“I’m doing everything to build the winning identity for this football team for right now, and for ’17, ’18 and ’19,” Kelly said. “Because when I talk to the group there is a row of upperclassmen—not many—and then there is a bunch of young guys. So everything that I direct at them is being absorbed for right now and in the future.”

We’ve seen the lessons as they’ve been learned on the fly. They’ve certainly come with their fair share of lumps as well. So as freshmen like Devin Studstill and Donte Vaughn step into the starting lineup, as Julian Love and Daelin Hayes become more and more a part of the defensive look, Kelly is doing all he can to turn the tide while also building for a rebound season.

“So I’m in the present and we’re coaching the win right now, but everything we do is to return us back to the top,” Kelly explained. “And we want to stop the slide.

“That means start winning again. So everything we are doing right now is to stop right now losing games, and winning games and keep building on that for the future.”

BK postgame: ‘I couldn’t find a way to win that game for you.’



As they shovels come out to bury Brian Kelly, the stories keep writing themselves. A coach—often times too headstrong for his own good—struggles to look in the mirror.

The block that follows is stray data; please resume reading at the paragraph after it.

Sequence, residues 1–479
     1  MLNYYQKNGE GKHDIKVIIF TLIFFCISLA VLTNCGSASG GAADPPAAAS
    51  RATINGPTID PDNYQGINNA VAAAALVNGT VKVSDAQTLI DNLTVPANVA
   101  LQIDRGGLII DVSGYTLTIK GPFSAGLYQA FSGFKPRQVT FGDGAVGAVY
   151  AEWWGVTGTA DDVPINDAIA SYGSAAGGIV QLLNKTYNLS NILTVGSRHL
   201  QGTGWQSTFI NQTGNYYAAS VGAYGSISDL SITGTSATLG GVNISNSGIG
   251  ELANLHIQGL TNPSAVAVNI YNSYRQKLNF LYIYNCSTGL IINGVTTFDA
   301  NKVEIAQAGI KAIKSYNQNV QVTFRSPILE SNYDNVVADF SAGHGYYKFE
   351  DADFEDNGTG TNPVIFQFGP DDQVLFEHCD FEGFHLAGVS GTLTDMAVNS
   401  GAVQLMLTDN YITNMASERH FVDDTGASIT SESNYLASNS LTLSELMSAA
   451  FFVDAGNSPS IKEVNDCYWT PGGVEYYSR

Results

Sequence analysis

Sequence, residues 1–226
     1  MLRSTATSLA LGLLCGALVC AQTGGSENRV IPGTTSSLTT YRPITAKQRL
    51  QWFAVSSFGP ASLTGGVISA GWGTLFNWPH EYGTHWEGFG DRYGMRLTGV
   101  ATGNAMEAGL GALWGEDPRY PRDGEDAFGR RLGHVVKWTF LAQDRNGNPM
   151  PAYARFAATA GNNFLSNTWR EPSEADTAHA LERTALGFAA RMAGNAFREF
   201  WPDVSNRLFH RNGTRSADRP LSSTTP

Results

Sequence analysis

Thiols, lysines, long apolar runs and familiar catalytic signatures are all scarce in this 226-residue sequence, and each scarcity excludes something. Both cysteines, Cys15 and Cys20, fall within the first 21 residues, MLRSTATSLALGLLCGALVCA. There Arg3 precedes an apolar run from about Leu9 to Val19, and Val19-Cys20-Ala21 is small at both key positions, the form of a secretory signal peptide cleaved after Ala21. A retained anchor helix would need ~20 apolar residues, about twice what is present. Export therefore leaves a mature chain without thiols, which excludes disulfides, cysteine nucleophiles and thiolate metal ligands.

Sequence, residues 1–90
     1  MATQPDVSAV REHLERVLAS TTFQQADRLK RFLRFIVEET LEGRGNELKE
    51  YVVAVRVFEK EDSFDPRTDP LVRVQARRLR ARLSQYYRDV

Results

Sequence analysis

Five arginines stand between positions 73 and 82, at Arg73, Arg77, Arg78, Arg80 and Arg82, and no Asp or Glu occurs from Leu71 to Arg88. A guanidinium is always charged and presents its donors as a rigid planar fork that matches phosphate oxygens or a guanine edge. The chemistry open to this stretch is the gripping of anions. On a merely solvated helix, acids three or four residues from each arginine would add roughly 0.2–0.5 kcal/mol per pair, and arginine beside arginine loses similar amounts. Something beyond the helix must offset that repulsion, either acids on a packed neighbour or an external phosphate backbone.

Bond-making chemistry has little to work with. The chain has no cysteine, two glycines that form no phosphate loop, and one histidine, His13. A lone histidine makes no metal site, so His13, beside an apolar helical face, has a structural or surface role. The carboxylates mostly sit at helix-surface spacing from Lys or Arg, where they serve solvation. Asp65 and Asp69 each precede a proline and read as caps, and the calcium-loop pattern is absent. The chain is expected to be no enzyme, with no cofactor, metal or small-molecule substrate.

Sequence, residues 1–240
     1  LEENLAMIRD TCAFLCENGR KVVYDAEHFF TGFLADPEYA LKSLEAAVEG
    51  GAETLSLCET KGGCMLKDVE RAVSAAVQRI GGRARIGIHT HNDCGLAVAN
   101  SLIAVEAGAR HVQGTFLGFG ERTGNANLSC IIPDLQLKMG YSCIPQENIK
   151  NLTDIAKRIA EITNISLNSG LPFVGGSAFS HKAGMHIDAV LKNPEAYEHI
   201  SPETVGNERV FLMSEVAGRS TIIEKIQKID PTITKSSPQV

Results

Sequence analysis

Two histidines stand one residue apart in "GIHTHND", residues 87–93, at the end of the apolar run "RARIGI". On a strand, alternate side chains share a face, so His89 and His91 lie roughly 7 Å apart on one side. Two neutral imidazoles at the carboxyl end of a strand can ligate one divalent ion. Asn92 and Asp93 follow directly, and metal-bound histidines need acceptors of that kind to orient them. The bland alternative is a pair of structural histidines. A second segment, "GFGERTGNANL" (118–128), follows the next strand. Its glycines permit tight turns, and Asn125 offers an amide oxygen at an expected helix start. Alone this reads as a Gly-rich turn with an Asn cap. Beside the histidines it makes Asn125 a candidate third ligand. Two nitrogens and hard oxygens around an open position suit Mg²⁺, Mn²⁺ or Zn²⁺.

These aren’t new headlines. Nor are they unfair.

They’ve existed as long as Kelly came to South Bend promising change, often times force-feeding it when the status quo could’ve probably done well enough (and maybe even clawed back a few victories in the meantime).

But Kelly has done things his way since showing up seven seasons ago. And in doing so, he’s won a lot of football games and completely changed the culture of the football program.

No, he hasn’t won as many as the guys with statues outside Notre Dame Stadium. But he’s had the Irish playing for a national title, and last year had the Irish a handful of plays—and maybe one or two less season-ending injuries—away from an invitation to play for another.

But Kelly is in hot water for committing a cardinal sin of coaching—losing games.

(Wait, you thought I was going to say, criticizing his players, right? Get serious.)

Kelly’s willingness to shoot straight may ruffle more than a few feathers. His postgame stubbornness has gotten him into trouble perhaps just as often as some of his ill-conceived strategic blunders.

His latest, daring to acknowledge that Sam Mustipher was terrible snapping the football in a hurricane, got some people up in arms. Never mind that it was objectively true. (Mustipher’s single-game grade was the lowest PFF assigned to any player on Notre Dame’s team this season—by a wide margin.)

Yet Kelly’s postgame comments went viral shortly after he made them. And perhaps more glaring than the coach’s unwillingness to reassess his decision to throw early and often in a hurricane were his comments about Mustipher, perceived (by some) as Kelly blaming his players for a game his team should’ve won.